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Conference Proceeding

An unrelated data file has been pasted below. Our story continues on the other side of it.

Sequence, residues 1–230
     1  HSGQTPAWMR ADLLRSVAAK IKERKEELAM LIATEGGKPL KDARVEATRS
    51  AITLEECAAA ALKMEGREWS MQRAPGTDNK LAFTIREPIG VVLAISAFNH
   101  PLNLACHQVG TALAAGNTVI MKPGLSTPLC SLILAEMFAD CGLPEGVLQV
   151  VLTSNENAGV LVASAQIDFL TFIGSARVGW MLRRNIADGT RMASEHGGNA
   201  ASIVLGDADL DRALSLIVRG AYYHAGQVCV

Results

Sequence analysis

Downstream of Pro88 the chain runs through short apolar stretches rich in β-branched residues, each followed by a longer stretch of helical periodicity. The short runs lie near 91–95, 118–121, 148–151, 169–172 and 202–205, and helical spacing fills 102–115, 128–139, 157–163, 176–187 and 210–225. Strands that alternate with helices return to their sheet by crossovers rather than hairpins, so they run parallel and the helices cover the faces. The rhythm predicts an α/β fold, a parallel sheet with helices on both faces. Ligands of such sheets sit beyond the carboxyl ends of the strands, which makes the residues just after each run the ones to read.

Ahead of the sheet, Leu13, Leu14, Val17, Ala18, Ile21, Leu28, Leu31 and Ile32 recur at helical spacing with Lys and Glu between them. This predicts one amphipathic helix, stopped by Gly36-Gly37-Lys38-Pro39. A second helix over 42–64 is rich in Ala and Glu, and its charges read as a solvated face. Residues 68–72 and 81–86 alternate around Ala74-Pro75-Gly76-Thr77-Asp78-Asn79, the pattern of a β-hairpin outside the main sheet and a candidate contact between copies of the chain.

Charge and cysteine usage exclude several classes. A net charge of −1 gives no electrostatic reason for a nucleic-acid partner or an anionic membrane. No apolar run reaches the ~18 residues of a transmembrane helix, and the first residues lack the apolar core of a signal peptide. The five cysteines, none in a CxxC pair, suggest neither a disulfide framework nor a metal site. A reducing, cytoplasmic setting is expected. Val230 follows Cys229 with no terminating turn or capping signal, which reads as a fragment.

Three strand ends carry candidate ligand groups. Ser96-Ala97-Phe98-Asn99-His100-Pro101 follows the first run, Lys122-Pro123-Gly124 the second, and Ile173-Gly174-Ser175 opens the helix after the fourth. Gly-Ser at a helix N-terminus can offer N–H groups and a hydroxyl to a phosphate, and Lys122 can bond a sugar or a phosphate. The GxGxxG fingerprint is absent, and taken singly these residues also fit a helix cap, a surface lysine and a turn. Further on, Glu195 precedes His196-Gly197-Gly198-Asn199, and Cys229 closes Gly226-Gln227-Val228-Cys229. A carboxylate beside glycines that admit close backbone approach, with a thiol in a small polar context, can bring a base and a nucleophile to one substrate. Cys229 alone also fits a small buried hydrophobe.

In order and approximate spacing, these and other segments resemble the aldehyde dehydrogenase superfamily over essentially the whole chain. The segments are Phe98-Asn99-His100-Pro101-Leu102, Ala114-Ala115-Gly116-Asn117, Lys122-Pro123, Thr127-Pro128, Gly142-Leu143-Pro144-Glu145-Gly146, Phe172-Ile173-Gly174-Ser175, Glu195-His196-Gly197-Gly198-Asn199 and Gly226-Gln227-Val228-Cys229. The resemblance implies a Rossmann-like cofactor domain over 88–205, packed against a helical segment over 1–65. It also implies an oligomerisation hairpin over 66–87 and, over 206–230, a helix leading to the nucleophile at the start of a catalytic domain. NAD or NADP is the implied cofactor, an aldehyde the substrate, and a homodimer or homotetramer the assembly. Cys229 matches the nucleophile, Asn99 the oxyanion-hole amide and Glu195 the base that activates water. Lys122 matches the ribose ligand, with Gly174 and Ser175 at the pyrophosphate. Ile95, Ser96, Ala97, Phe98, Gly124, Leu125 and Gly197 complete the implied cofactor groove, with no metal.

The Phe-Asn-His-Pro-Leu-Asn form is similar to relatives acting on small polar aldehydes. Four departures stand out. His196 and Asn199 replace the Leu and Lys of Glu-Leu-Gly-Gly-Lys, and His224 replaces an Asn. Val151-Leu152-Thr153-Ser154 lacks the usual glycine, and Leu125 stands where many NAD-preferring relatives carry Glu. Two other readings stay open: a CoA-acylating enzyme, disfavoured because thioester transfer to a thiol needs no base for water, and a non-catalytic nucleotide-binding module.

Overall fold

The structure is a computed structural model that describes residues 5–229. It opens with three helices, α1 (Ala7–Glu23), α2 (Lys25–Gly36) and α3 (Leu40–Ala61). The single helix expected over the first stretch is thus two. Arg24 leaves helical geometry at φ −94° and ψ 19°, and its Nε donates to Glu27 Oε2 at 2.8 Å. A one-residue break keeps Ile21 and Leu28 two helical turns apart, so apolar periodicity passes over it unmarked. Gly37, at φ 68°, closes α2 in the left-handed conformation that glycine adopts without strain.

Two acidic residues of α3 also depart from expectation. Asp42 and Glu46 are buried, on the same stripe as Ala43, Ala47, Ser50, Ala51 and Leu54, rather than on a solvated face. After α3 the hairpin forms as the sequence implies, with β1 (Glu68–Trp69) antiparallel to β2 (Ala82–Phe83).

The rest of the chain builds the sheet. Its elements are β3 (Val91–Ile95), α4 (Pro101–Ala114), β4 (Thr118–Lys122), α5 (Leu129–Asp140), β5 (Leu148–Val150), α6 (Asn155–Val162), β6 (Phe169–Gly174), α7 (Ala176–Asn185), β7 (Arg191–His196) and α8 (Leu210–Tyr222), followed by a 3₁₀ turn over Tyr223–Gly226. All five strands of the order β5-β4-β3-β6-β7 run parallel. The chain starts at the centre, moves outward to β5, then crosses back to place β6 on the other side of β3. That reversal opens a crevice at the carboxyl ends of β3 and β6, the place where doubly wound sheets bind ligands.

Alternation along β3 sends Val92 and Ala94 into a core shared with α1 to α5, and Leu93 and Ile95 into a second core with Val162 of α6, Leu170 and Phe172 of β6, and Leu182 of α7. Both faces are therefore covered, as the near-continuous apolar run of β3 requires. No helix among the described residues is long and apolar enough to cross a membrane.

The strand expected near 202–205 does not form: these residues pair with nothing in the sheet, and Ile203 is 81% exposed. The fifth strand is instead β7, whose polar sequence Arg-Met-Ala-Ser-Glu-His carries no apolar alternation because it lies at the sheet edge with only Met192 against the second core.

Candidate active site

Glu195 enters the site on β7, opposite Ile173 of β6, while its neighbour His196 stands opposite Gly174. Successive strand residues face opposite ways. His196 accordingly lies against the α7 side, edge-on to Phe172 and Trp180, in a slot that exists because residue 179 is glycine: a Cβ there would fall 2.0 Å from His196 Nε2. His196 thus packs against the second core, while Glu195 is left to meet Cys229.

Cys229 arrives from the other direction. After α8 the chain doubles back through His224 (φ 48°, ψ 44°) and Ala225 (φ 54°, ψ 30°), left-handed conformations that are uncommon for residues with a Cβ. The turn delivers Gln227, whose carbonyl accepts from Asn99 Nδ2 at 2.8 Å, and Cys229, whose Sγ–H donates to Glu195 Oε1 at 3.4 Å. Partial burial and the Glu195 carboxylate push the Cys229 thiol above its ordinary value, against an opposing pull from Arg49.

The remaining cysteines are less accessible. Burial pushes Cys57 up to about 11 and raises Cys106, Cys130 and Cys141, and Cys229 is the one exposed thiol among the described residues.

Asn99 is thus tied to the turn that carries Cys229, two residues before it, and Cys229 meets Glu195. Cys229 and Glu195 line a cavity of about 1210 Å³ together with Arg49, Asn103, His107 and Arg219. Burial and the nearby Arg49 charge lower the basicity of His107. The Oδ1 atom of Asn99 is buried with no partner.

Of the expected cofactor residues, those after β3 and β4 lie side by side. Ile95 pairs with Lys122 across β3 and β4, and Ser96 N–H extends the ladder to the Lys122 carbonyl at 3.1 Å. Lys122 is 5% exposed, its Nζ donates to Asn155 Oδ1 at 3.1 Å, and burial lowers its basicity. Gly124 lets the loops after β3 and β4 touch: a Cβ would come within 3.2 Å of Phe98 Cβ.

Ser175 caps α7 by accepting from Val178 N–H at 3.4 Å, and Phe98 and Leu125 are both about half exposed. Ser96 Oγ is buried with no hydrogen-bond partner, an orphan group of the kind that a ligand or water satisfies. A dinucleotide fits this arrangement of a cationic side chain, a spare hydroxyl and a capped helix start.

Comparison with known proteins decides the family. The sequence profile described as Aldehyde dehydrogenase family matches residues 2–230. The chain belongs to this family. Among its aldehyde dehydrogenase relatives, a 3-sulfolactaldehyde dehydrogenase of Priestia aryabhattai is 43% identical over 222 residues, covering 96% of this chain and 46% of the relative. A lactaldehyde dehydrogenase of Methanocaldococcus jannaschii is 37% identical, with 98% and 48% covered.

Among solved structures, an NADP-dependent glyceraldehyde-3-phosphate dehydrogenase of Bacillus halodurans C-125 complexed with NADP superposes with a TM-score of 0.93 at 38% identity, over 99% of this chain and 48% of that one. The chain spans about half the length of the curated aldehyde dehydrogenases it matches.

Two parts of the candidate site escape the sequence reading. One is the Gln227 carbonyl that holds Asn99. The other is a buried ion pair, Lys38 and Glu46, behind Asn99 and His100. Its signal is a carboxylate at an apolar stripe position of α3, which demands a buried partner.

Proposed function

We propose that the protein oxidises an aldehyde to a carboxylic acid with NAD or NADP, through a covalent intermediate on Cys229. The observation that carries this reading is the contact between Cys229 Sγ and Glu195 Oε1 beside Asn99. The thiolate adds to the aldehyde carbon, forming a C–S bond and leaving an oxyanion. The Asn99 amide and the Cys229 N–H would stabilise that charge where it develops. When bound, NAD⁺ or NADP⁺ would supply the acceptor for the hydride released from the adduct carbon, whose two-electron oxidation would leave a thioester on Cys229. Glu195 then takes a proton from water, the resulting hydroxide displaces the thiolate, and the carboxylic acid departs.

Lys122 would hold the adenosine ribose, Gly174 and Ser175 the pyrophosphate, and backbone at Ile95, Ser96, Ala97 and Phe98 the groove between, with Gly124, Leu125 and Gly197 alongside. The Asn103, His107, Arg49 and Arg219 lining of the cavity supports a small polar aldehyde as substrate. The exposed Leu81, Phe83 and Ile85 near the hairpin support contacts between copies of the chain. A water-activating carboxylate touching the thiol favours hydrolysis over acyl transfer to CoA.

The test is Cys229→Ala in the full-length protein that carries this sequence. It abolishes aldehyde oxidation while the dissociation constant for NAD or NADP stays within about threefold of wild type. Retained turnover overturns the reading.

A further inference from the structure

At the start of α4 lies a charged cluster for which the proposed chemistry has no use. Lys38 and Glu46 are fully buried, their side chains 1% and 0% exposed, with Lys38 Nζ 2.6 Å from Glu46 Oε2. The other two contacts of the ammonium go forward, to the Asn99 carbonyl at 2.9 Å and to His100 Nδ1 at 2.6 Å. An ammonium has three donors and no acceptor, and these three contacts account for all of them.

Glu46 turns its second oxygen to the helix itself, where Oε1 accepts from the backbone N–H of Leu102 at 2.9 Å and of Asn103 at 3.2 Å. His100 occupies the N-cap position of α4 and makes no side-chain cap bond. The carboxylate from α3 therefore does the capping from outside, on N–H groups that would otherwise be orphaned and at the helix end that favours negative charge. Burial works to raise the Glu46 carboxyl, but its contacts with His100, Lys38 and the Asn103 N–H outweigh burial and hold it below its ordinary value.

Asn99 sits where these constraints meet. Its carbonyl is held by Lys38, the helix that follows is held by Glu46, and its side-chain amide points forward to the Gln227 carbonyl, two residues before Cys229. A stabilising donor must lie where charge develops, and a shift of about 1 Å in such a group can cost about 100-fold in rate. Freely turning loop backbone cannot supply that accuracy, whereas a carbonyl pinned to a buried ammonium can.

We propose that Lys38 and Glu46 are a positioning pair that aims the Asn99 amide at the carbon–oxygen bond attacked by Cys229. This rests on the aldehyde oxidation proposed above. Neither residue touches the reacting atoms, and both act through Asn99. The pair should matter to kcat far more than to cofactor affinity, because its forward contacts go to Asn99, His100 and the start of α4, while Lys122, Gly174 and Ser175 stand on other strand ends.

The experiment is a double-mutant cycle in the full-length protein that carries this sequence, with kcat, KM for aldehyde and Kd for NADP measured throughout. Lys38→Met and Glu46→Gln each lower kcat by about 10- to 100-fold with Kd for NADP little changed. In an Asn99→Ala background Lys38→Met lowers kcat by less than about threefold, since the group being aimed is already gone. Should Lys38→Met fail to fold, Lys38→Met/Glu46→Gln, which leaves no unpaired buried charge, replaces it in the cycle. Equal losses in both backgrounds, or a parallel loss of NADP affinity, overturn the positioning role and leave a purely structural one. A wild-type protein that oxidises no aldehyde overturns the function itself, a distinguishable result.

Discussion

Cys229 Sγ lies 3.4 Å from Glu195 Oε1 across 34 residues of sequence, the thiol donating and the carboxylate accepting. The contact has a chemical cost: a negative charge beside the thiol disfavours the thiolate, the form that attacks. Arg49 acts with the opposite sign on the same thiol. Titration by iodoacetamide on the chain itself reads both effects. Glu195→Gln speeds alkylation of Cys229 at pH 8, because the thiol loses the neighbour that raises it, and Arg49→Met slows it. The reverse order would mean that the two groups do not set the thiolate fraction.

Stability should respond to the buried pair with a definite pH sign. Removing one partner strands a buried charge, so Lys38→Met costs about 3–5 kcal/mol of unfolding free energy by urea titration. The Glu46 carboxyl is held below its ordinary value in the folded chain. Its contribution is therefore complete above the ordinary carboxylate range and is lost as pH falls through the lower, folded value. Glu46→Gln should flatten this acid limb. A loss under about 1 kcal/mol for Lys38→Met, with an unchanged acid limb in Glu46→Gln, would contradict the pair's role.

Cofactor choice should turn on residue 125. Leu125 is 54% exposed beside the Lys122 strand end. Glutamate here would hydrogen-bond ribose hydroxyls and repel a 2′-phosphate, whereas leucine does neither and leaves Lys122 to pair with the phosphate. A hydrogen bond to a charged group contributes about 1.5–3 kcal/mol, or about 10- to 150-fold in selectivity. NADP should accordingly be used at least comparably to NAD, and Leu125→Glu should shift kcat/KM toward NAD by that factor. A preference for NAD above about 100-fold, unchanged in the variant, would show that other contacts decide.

Mexico City, a large megacity with over 21 million inhabitants, is exposed to several hazards, including land subsidence, earthquakes, and flooding. Hazard assessments for each hazard type is typically treated separately and usually do not include considerations for any relations among the hazards. Our data makes it plausible for an earthquake triggering case that temporarily accelerated the subsidence rate in the metropolitan area as a result of the Mw 8.2 Tehuantepec and the Mw 7.1 Puebla, September 2017 earthquakes that affected Mexico City. Furthermore, the triggering effect induced rapid slip along previously developed shallow faults associated with subsidence. These results indicate that any future scenario of land subsidence should consider a potential triggering effect by large earthquakes. Similarly, earthquake hazard assessments should also consider potential impact on shallow faulting and fracturing associated with land subsidence.

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